Evaluating conservation biological control options for spotted wing drosophila (Drosophila suzukii)

Project Overview

Project Type: Graduate Student
Funds awarded in 2016: $10,849.00
Projected End Date: 02/28/2018
Grant Recipient: University of Georgia
Region: Southern
State: Georgia
Graduate Student:
Major Professor:
Dr. Jason Schmidt
University of Georgia

Information Products


  • Fruits: berries (blueberries), berries (other)


  • Crop Production: food product quality/safety
  • Education and Training: decision support system, farmer to farmer, on-farm/ranch research, workshop
  • Natural Resources/Environment: biodiversity, habitat enhancement
  • Pest Management: biological control, field monitoring/scouting

    Proposal abstract:

    The spotted wing drosophila, Drosophila suzukii, has become recognized as an invasive species of concern not only in Georgia, but across the United States. The host plants of spotted wing drosophila (SWD) include berry fruits, such as blueberries. SWD is able to deposit its eggs into the ripening fruit causing a dramatic decrease in yield, while also allowing the larvae to survive various insecticide applications within the berry. As a recently introduced species there is little research available to provide an integrated pest management program in efforts of protecting fruit industries. Information regarding native predators of SWD located in the Southeastern United States will facilitate the implementation of effective control programs. This will be completed through a series of field studies. Nine experimental sites will be selected that represent different management strategies including conventional agricultural fields, organic fields, and untreated fields. Within each agricultural system, the field margin, field interior, and associated border habitats with non-crop hosts will be evaluated. Experiments will determine the presence of native parasitoids, SWD activity, and predator activity. Molecular gut-content analysis will be performed in order to determine prey consumption of the native predators across habitats. The impacts on local population dynamics will also be examined through spatial analysis. This research has the potential to protect the blueberry industry across the nation, as well as improve biological control strategies.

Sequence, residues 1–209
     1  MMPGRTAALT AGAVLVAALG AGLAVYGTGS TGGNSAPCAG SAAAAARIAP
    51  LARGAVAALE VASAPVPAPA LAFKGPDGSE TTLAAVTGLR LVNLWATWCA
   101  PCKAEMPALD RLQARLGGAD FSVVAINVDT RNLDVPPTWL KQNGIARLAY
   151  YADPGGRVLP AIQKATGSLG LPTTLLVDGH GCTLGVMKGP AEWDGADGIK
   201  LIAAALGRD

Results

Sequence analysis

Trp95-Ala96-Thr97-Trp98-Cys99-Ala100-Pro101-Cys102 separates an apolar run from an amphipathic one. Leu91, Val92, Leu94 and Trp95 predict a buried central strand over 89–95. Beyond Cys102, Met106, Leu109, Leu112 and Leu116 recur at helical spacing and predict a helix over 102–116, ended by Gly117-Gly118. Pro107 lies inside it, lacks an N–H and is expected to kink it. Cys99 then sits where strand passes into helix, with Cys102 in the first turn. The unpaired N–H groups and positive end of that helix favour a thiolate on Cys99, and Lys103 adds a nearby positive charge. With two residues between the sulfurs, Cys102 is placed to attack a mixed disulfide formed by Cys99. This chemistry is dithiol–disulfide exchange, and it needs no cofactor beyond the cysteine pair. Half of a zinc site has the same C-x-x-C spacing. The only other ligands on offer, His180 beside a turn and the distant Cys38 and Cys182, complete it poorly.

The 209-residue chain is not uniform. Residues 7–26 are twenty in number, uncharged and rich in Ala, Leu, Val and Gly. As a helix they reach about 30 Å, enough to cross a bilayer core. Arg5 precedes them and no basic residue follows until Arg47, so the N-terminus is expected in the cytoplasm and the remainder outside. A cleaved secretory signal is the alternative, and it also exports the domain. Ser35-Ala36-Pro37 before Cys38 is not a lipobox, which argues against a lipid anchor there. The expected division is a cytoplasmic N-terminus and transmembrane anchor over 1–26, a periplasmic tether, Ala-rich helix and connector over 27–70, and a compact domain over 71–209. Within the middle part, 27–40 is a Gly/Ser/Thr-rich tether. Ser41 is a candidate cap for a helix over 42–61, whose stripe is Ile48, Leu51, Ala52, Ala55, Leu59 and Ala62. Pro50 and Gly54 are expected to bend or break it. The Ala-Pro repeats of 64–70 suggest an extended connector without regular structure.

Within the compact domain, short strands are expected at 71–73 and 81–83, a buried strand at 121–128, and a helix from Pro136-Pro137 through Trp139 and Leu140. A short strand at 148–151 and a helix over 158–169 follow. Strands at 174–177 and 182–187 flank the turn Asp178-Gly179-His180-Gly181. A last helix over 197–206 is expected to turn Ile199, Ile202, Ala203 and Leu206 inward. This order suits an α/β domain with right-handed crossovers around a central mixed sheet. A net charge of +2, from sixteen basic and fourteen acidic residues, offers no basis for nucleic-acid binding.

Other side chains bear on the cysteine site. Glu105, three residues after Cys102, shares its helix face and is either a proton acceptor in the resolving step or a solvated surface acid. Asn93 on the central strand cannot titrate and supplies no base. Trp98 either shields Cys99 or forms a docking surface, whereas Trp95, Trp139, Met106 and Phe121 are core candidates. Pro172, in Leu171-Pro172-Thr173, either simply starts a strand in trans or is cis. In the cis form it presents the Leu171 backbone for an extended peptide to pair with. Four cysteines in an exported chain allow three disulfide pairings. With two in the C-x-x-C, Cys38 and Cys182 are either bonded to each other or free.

Project objectives from proposal:

    1. To determine how different management strategies and alternative SWD host plants affect populations of natural enemies and populations of SWD in blueberry production systems. Performance target for this objective is to determine where natural enemies in blueberry agricultural landscapes are most abundant and diverse, and identify ways to feasibly improve the current biocontrol services.
    2. Estimate predation and parasitism levels on SWD and determine which identified biocontrol species have the potential to enhance control of SWD in the Southeast. Performance target for this objective is to determine if natural enemies observed are providing biocontrol services for SWD and other pests of blueberries. This will be accomplished using molecular gut content analysis and bate stations to estimate parasitoid activity in blueberry fields in relation to management and location within field.
    Any opinions, findings, conclusions, or recommendations expressed in this publication are those of the author(s) and do not necessarily reflect the view of the U.S. Department of Agriculture or SARE.